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Things to do in Edinburgh – ten castles to visit in and around Edinburgh


Our guide to ten historic castles within easy reach of the city of Edinburgh.

1. Edinburgh Castle
One of the world’s most famous castles, Edinburgh Castle’s sublime location, atop an extinct volcano overlooking the city and beyond to the Firth of Forth, makes it one of the country’s most popular tourist destinations.
The castle site has been a fortress since the Bronze Age and today’s buildings date from between the twelfth and seventeenth centuries. Among the buildings to explore are the twelfth-century St Margaret’s Chapel, the Scottish National War Memorial, the Great Hall and the Royal Palace.
Castlehill, Edinburgh EH1 2NG; tel: 0131 225 9846.

2. Blackness Castle

A fifteenth-century fortress which was once the stronghold of the powerful Crichton family. The formidable building was never intended to be a family home, but instead helped to defend this coastline, particularly during the sixteenth century, when sea attacks from England were a threat.
Today’s visitors can enjoy fine views over the Firth of Forth, which the fortress once dominated, and view the mighty fortifications which allowed the castle to act as an artillery fortification, and later, a state prison.
Blackness Castle, near Linlithgow EH49 7NH; tel: 01506 834807.

3. Castle Campbell
A medieval castle which stands high above the town of Dollar and was once a stronghold of the Campbell earls of Argyll, who were at the height of their political power in the Middle Ages. The castle’s fifteenth-century tower house is one of the best preserved in Scotland, and visitors can also see the outdoor pulpit from which John Knox preached.
Castle Road, Dollar, Clackmannanshire FK14 7PP; tel: 0131 668 8000.

4. Craigmillar Castle
A ruined medieval castle cared for by Historic Scotland, which includes a fourteenth-century tower house, courtyard and gardens. The castle is known for its links with Mary Queen of Scots, who is said to have stayed at the castle as a guest of the wealthy Preston family.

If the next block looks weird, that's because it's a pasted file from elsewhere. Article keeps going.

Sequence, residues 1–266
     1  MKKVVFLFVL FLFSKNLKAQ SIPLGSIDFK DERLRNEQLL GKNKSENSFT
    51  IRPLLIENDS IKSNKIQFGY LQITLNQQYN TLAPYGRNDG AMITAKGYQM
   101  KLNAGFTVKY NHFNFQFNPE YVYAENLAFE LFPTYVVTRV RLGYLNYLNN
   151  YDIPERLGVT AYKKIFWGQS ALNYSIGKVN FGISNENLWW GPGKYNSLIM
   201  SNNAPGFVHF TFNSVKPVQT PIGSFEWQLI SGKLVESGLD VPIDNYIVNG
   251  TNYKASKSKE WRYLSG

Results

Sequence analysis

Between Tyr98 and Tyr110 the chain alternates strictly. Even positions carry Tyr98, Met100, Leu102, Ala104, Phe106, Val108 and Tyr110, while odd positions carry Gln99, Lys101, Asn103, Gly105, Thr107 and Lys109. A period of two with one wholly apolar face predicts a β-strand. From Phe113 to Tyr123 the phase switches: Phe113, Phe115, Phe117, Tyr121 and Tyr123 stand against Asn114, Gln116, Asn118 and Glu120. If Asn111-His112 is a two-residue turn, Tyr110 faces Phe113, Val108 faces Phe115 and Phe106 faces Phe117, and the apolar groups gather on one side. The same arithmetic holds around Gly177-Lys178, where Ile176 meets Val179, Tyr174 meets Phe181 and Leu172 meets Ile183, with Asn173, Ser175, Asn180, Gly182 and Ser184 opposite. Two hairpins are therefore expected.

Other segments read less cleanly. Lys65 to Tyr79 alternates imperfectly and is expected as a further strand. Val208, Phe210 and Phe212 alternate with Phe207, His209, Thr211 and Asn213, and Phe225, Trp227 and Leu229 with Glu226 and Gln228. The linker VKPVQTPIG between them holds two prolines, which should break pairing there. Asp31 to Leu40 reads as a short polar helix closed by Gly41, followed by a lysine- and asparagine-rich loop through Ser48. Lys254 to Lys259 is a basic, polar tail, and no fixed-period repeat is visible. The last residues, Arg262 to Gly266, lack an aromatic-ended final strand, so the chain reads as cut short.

The tower house is one of the oldest in Scotland and offers views across the city of Edinburgh. It stands seventeen metres high, with walls which are three metres thick in places. The rest of the castle developed around the ancient tower house, as new buildings were added, making this a fascinating complex to explore.
Craigmillar Castle, Edinburgh EH16 4SY; tel: 0131 661 4445.

5. Crichton Castle
A ruined castle at the head of the River Tyne, built for the Crichtons and later the home of the earls of Bothwell. The castle’s architecture is unique, and highlights include a diamond-faceted façade, unlike anything else in Scotland; a fifteenth-century Great Hall; and one of Scotland’s oldest tower houses, built in the fourteenth century.
Crichton, Pathhead, Midlothian EH37 5XA; tel: 01875 320017.

6. Dirleton Castle
Dirleton Castle is a medieval fortress which has protected three successive noble families from medieval times. The castle features the world’s longest herbaceous border, the de Vaux towers, built around 1240, and the Ruthven dovecot, which can house up to 1,000 doves.
Dirleton Road, North Berwick EH39 5ER; tel: 01620 850330.

7. Loch Leven Castle
A ruined castle situated on an island in Loch Leven. This fourteenth or fifteenth-century tower is famous for its association with Mary Queen of Scot, who was imprisoned here in 1567 and forced to abdicate. Visitors reach the castle by boat and can explore the island, including the castle rooms where Mary was imprisoned and the residential Glassin Tower, which dates to the sixteenth century.
Loch Leven Castle, Kinross & Angus KY13 8UF; tel: 01577 862670.

8. Stirling Castle
One of Scotland’s most important castles, with a spectacular position overlooking some of the country’s most important battle sites including Stirling Bridge and Bannockburn. The castle’s palace has recently been refurbished and now allows visitors to experience what life was like in the royal court of the Stewarts.
Castle Esplanade, Stirling FK8 1EJ; tel: 01786 450000.

9. Tantallon Castle
A semi-ruined coastal castle built in the fourteenth century as a fortress for the Douglas earls of Angus. The castle endured three sieges over three centuries and today’s visitors can view a fifteenth-century replica gun and the castle’s formidable curtain wall.
Tantallon Castle, North Berwick EH39 5PN; tel: 01620 892727.

10. Thirlestane Castle
An important castle in the Scottish borders which has its origins in the thirteenth century and was rebuilt in 1590 as the Maitland family home. The castle has been added to over the years, most notably in the nineteenth century, when architects David Bryce and William Burn designed two large wings which flank the central keep.
Lauder, Berwickshire TD2 6RU; tel: 01578 722430.

(Blackness castle image copyright James Denham; Stirling Castle copyright Finlay McWalter)

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